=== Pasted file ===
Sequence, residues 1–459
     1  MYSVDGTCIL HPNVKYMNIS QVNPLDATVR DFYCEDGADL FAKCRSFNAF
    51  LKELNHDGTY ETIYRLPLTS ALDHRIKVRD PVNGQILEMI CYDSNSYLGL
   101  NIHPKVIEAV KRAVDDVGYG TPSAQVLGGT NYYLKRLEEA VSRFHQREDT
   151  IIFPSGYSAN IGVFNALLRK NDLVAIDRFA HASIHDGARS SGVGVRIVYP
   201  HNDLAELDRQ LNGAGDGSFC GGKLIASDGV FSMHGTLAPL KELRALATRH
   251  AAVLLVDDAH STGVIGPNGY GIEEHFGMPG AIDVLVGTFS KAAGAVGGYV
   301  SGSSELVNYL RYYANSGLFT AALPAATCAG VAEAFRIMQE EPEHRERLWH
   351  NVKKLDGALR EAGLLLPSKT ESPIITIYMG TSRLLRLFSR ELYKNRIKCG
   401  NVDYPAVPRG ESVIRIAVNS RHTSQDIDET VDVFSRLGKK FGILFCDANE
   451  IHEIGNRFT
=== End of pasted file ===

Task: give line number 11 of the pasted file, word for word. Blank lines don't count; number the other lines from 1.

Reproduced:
   451  IHEIGNRFT